A caregiver can be defined as someone who provides care for someone else in the form of time and labour-intensive tasks. These tasks can involve help in activities of daily living (e.g., bathing), medical tasks (e.g., medication management), and overall assistance where one may be limited in their ability to independently do something.
I am currently an MSc student in Neuroscience, and I am working as a research assistant at the SPI Lab on the PRENAYOGA study, a prenatal yoga intervention for ethnic minority women. Last year, as a Summer job, I worked part-time as an Adult care and support worker for individuals with epilepsy and other complex needs. In this article, I want to discuss the mental health of carers and the lack of support available. This is important to me as working as a carer has provided me with insight into the experiences of other carers including my colleagues.
Types of caregivers
There are two subgroups of caregivers: formal and informal. Formal caregivers are those providing care in a formal setting such as a care home or hospital. Informal caregivers are usually family members providing care in a home setting and are generally not paid for their work. As my job was part-time, I received pay for my work and therefore I identified as a formal caregiver.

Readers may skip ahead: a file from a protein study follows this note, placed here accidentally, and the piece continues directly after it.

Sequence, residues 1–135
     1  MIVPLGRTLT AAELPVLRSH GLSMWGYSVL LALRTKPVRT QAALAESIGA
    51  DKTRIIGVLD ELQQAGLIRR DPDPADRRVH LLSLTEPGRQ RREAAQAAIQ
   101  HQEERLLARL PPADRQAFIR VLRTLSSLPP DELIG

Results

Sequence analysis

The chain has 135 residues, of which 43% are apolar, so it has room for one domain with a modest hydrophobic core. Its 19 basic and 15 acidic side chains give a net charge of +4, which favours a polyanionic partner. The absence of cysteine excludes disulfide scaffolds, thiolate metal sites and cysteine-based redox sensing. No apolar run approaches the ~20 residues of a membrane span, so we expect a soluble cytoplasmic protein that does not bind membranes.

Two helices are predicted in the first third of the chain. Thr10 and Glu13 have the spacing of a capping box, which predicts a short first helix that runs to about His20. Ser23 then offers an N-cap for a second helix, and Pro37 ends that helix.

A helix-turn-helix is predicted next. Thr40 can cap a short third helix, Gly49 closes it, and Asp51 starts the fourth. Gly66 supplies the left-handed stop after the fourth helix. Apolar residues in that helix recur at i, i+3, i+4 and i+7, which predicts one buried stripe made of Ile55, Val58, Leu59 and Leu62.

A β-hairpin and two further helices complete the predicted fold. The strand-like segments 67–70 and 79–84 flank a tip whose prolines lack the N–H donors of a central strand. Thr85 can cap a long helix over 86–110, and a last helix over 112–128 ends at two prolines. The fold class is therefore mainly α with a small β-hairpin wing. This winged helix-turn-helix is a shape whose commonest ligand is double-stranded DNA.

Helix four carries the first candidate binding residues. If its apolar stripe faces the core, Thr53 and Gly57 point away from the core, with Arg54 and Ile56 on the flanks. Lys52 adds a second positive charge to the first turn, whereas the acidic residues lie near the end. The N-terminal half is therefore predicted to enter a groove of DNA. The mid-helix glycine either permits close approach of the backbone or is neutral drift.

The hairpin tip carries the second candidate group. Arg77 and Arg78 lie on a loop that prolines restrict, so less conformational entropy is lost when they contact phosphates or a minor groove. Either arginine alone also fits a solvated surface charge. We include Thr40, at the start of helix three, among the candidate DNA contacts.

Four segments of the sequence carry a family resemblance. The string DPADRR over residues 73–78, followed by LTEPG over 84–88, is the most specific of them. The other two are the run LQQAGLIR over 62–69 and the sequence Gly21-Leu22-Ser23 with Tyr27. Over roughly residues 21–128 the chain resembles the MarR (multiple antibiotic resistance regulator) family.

The caregiver identity theory is a conceptual framework that outlines caregiving as a process of change and that changing caregiving roles emerge from a pre-existing relationship role. Examples of pre-existing relationship roles are a child caring for a parent or a spouse caring for their partner. This concept allows caregivers to make sense of personal experiences, actions, and emotions and helps guide subsequent behaviour because the theory explains the intricacy of caregiver identity and how it is related to multiple factors within experiences of caregiving. I feel this doesn’t apply to me as much as I was a formal caregiver, but I decided to add this, in hopes that those who are informal caregivers and are reading this blog may relate to and help make sense of their own experiences and identity.
Mental Health of Caregivers